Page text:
A challenge is knowing how to best pair machine learning methods with particular analyses. Moore explained that each of the dozens of available machine learning methods takes a different approach to finding patterns in data. Picking a method is difficult without knowing what kind of patterns the data will reveal. To help researchers, Moore created PennAI,1 an open-source and transparent system for selecting the most appropriate machine learning method. PennAI includes a comprehensive library of available machine learning methods and tests how a machine learning method analyzes a dataset, explained Moore. PennAI also learns from its own results so that it can continually improve on selecting appropriate machine learning methods to apply to different types of datasets, stated Moore. Brahmar Mukherjee from the University of Michigan outlined the benefits of machine learning and AI as their ability to capture complexity, involve less structured assumptions, and make better predictions. However, she argued that AI is better thought of as much more than just algorithms that can make predictions. She highlighted a recent article that argued that mapping observed inputs to observed outputs (i.e., prediction) does not really qualify as intelligence.2 In other words, “there is a life and science beyond prediction,” that includes characterizing uncertainty, principled data integration, establishing causality, developing generalizable and representative models, adequate sampling, and incorporating important scientific or clinical contexts into problems. AI integrates expert knowledge and the ability to make causal inferences to develop counterfactual predictions about the effect that different inputs will have on outcomes, emphasized Mukherjee. This framing is particularly important to recognize in order to facilitate the use of AI for transforming big data in environmental health into knowledge. Together with multiple collaborators, Mukherjee is developing an AI system that can predict future health endpoints based on the environmental exposures to a moderate number of pollutants. This effort, which includes several longitudinal studies, focuses on how maternal exposures during pregnancy affect the future health of both mother and child. A key aspect of these studies is that they are looking at the effect of exposures to the multiple chemical and non-chemical stressors that everyone experiences every day, said Mukherjee. Her research team is attempting to use machine learning to develop a cumulative environmental risk score that goes beyond standard linear models. “You need computational tools. You need modern computation theory. You need good statistical inference,” she stated. She also emphasized that reproducible and rigorous science requires improved measurement processes, large sample sizes, principled methods, and user-friendly software.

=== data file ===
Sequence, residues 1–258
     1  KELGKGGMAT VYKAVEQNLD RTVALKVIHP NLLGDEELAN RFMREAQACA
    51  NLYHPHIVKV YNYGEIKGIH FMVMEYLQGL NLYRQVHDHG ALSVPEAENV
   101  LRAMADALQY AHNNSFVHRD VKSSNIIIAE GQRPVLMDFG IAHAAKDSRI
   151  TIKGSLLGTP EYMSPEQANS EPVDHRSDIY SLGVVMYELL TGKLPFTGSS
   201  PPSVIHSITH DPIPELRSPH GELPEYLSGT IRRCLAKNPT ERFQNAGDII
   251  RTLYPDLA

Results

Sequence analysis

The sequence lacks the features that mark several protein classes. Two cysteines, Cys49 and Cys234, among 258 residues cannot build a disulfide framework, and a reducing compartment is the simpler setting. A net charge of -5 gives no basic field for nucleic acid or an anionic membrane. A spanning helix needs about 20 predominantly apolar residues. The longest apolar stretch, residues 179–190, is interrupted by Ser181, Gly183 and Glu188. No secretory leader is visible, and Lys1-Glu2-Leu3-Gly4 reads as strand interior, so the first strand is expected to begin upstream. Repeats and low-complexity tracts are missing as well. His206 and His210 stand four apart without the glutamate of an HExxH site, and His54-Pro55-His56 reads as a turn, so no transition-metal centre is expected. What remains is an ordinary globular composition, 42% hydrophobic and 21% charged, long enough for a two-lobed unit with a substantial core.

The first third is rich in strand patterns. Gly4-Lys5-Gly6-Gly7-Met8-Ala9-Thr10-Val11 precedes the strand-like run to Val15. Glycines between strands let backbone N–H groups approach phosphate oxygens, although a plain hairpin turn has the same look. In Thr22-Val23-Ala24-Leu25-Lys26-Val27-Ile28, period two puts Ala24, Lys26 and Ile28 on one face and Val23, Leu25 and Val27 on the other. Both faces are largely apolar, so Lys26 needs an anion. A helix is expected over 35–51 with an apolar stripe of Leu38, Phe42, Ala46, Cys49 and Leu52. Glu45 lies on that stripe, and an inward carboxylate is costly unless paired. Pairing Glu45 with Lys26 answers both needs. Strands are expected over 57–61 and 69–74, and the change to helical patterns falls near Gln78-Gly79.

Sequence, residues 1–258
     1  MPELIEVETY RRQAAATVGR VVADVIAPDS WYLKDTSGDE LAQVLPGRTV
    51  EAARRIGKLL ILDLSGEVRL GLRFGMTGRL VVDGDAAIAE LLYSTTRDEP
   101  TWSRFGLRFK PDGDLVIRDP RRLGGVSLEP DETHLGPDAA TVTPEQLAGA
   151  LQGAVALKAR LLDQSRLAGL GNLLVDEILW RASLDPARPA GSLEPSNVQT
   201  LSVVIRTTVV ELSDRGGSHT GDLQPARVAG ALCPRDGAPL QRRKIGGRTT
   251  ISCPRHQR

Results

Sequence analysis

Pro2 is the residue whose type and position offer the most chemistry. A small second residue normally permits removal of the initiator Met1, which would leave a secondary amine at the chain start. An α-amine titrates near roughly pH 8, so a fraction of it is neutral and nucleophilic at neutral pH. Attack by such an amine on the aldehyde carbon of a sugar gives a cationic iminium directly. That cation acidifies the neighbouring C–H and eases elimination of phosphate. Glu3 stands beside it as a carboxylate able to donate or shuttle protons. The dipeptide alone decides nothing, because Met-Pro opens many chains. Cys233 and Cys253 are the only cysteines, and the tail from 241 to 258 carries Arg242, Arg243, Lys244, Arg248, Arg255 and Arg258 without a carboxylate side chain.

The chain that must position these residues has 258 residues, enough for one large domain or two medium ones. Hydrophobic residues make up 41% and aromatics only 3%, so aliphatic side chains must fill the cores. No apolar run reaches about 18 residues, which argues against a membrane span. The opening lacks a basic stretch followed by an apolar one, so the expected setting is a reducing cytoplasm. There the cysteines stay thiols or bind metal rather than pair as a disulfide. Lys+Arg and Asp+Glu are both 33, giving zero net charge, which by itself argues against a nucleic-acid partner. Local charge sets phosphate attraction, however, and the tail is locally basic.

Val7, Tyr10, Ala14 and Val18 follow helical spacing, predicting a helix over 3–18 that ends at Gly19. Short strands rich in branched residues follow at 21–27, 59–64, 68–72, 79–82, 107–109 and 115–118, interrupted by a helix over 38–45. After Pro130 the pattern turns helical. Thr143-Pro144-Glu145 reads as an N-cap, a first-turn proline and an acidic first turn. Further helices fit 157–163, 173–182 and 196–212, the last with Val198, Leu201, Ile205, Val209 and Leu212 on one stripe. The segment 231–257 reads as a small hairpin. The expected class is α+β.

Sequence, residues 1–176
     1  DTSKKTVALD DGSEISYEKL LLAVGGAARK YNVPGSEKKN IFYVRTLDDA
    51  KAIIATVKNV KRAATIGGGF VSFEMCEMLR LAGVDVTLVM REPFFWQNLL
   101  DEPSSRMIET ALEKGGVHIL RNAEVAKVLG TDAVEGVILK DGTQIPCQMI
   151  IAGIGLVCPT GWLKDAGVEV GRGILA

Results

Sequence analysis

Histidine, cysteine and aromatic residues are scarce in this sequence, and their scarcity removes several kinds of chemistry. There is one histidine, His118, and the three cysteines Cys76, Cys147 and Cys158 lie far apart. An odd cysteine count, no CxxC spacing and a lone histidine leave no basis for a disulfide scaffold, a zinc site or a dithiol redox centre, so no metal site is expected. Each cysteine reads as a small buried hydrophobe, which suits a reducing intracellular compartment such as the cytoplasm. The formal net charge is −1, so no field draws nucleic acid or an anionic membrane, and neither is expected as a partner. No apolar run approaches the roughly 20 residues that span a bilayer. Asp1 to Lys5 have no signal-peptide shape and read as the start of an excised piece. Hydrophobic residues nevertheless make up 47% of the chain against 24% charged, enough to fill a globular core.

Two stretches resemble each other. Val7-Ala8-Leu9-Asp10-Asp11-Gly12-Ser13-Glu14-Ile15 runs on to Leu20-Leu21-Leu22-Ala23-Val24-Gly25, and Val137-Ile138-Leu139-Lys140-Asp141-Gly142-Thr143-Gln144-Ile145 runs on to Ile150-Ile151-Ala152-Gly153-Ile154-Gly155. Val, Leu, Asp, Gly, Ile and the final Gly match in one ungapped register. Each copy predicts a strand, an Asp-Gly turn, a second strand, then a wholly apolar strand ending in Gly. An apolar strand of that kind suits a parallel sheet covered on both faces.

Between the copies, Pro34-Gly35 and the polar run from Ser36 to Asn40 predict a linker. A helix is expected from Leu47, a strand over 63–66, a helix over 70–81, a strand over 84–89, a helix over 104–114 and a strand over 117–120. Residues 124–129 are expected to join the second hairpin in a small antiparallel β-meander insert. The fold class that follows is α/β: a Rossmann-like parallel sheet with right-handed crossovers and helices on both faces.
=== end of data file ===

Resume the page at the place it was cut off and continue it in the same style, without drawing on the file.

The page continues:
Richard Woychik of NIEHS highlighted five areas of environmental health for which AI and machine learning could play an integral role in research: predicting the toxicology of chemicals, measuring the exposome,3 understanding the interactions between genes and environmental exposures, examining the role of epigenetics, and supporting systematic reviews4 of scientific literature. Woychik imagined a future in which AI could integrate environmental health datasets—such as curated legacy data, results of high-throughput screening assays, and details about specific chemical features—and provide “everything we need to know about various different chemicals,” within a few hours. However, Woychik noted that a major challenge is determining which datasets to use because biology is complex. “What datasets do you need to actually plug into an [AI] algorithm to [generate] a better understanding of differential susceptibility to our environment that we inherited from our parents?”
In a panel discussion, Moore, Mukherjee, and Woychik all stressed the importance of embracing complexity and of measuring and accounting for the exposome—that is, moving away from looking at one or a few environmen-
1 See http://pennai.org.
2 Hernan, M. A., J. Hsu, and B. Healthy. 2019. A second chance to get causal inference right: A classification of data science tasks. Chance 2(1):42–49.
3 The totality of a person’s exposures from conception onward.
4 A structured method to collect, appraise, and synthesize data from published literature.
tal factors at a time—when studying the link between environment and health. AI and machine learning, along with a framework for how the data will be used, will play essential roles in enabling the resulting complex analyses that will be capable of modeling actual human biology. Woychik also stressed the need to have a framework ontology for how data will be used before starting data collection as a means of ensuring that it will be possible to merge the resulting database with the various available -omics databases, an idea Moore, Mukherjee, and Nicole Kleinstreuer from NIEHS’s National Toxicology Program seconded.